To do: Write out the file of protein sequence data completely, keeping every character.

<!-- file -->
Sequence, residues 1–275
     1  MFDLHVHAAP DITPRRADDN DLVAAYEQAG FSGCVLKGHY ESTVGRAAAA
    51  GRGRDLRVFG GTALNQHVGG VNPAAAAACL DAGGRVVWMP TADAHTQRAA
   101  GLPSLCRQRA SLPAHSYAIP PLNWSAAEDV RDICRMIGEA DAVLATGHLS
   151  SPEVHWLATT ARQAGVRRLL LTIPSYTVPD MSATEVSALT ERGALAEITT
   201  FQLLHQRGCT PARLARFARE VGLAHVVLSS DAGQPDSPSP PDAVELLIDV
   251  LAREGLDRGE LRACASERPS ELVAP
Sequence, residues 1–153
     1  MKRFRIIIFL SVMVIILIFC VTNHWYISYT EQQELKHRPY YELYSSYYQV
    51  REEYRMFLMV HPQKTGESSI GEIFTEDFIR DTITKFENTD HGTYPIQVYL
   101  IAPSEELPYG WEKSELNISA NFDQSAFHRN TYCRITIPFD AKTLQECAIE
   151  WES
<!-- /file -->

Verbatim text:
Sequence, residues 1–275
     1  MFDLHVHAAP DITPRRADDN DLVAAYEQAG FSGCVLKGHY ESTVGRAAAA
    51  GRGRDLRVFG GTALNQHVGG VNPAAAAACL DAGGRVVWMP TADAHTQRAA
   101  GLPSLCRQRA SLPAHSYAIP PLNWSAAEDV RDICRMIGEA DAVLATGHLS
   151  SPEVHWLATT ARQAGVRRLL LTIPSYTVPD MSATEVSALT ERGALAEITT
   201  FQLLHQRGCT PARLARFARE VGLAHVVLSS DAGQPDSPSP PDAVELLIDV
   251  LAREGLDRGE LRACASERPS ELVAP
Sequence, residues 1–153
     1  MKRFRIIIFL SVMVIILIFC VTNHWYISYT EQQELKHRPY YELYSSYYQV
    51  REEYRMFLMV HPQKTGESSI GEIFTEDFIR DTITKFENTD HGTYPIQVYL
   101  IAPSEELPYG WEKSELNISA NFDQSAFHRN TYCRITIPFD AKTLQECAIE
   151  WES